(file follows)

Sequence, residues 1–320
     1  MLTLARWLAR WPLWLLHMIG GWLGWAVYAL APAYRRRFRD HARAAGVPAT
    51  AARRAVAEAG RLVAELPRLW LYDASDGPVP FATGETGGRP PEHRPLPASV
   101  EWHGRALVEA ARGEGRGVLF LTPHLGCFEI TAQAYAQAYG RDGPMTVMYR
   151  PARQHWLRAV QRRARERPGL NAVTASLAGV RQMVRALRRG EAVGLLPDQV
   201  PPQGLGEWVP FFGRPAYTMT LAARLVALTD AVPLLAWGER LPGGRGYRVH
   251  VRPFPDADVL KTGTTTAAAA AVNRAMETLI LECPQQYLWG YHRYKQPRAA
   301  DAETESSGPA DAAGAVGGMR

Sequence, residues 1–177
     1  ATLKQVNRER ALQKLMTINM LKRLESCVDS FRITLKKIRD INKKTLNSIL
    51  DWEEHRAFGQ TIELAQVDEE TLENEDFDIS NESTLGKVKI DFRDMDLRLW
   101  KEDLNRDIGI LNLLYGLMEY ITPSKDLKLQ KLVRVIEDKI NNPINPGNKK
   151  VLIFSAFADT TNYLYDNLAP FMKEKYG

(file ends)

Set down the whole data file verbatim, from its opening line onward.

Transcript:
Sequence, residues 1–320
     1  MLTLARWLAR WPLWLLHMIG GWLGWAVYAL APAYRRRFRD HARAAGVPAT
    51  AARRAVAEAG RLVAELPRLW LYDASDGPVP FATGETGGRP PEHRPLPASV
   101  EWHGRALVEA ARGEGRGVLF LTPHLGCFEI TAQAYAQAYG RDGPMTVMYR
   151  PARQHWLRAV QRRARERPGL NAVTASLAGV RQMVRALRRG EAVGLLPDQV
   201  PPQGLGEWVP FFGRPAYTMT LAARLVALTD AVPLLAWGER LPGGRGYRVH
   251  VRPFPDADVL KTGTTTAAAA AVNRAMETLI LECPQQYLWG YHRYKQPRAA
   301  DAETESSGPA DAAGAVGGMR

Sequence, residues 1–177
     1  ATLKQVNRER ALQKLMTINM LKRLESCVDS FRITLKKIRD INKKTLNSIL
    51  DWEEHRAFGQ TIELAQVDEE TLENEDFDIS NESTLGKVKI DFRDMDLRLW
   101  KEDLNRDIGI LNLLYGLMEY ITPSKDLKLQ KLVRVIEDKI NNPINPGNKK
   151  VLIFSAFADT TNYLYDNLAP FMKEKYG